Hello again, dear readers, and welcome to our monthly letters column. We’re headed into the season of indoor gatherings, so it’s time to think about strategies for preventing COVID-19 and the flu. We’ll discuss this soon in an upcoming column. For now, we urge everyone to get your flu vaccine and the new bivalent COVID-19 booster. It’s recommended for everyone 5 and older who has completed the initial vaccine series. Being vaccinated makes a difference. And now, on to your letters.
• We recently discussed PFAS, an acronym for perfluoroalkyl or polyfluoroalkyl substances. This is a large and complex group of so-called “forever chemicals” used in the manufacture of numerous everyday products, including microwave popcorn. PFAS have been linked to adverse health effects, including high blood pressure, decreased fertility in women, liver damage and cancer. They are widespread, found in the water we drink, the soil in which we grow our food and in the blood of 97% of Americans.
The column prompted a reader to weigh in: “I feel you should have pointed out that there is legislation in several states requiring the removal of PFAS from the microwave products sold in their state,” they wrote. “As a result, many companies will no longer be selling products with PFAS, and the risk will be eliminated.” We’re glad you brought this up. Our column focused on explaining the chemicals and their health effects, and on answering the reader’s specific question. That didn’t have room to address bans on PFAS. You are correct that more than two dozen states have either enacted legislation that bans the use of PFAS in certain products or have updated environmental regulations that effectively curtail their use. However, it’s a patchwork of regulations and leaves plenty of room for loopholes. All concerned parties agree that strong federal regulations are needed, not only to protect consumers, but also to hold manufacturers accountable for past PFAS pollution.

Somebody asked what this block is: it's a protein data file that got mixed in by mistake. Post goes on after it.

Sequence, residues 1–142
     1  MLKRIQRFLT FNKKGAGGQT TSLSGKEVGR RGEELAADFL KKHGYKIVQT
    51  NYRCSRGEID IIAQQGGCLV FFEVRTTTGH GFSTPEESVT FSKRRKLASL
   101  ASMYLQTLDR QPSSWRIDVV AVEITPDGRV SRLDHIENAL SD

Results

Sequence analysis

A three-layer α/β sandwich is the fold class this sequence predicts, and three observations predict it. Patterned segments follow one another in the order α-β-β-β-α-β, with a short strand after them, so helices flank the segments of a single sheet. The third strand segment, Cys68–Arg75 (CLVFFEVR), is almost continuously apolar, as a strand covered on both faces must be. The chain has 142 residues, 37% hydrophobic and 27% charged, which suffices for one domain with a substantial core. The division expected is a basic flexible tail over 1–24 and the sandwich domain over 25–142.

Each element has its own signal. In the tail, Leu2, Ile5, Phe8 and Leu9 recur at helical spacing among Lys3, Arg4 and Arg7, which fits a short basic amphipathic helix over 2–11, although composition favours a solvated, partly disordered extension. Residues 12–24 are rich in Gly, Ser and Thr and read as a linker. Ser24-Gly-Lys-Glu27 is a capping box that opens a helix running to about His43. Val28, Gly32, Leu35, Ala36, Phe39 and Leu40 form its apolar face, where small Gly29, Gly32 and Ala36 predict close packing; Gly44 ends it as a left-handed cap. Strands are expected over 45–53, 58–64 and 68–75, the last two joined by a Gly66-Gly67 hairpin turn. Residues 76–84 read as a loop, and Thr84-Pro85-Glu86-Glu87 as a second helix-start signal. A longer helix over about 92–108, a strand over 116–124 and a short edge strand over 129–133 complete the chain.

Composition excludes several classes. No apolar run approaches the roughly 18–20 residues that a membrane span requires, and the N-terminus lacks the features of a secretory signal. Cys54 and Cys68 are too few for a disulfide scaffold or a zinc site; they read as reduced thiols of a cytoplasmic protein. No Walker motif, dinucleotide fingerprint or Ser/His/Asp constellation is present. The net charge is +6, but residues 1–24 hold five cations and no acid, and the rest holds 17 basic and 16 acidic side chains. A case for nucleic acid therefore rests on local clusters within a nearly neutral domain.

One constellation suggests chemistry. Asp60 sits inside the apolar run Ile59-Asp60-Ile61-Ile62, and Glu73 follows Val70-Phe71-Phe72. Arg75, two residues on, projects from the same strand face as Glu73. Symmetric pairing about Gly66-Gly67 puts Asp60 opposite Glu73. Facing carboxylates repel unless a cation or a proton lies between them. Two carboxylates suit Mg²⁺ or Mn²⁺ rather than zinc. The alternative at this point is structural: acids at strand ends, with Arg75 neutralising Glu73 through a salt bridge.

• The column on PFAS left another reader confused about microwave popcorn. “Is using a microwave to make popcorn bad for you, or is it just the popcorn that comes in a bag that’s bad?” they asked. The potential hazards referenced in the column are associated with the pre-bagged microwave popcorn sold in stores. That’s because the packaging in those products contains PFAS.
• We’ll end with one more popcorn question. “When you recommend not eating too much microwaved popcorn, does that mean when it’s microwaved in the purchased bag?” they asked. “Is it safe to eat if it is removed from the bag and then microwaved in a bowl?” The PFAS in store-bought microwave popcorn are infused into the lining of the bag. They keep the fats from leaking and prevent the bag from scorching. People who regularly eat microwave popcorn have significantly higher levels of PFAS in their blood than those who don’t. Use your own popcorn and a glass bowl or a plain paper bag when using the microwave to make this snack.
Thank you again to everyone who took the time to write. We love hearing from you, and we try to respond to as many of your comments and questions as we can.
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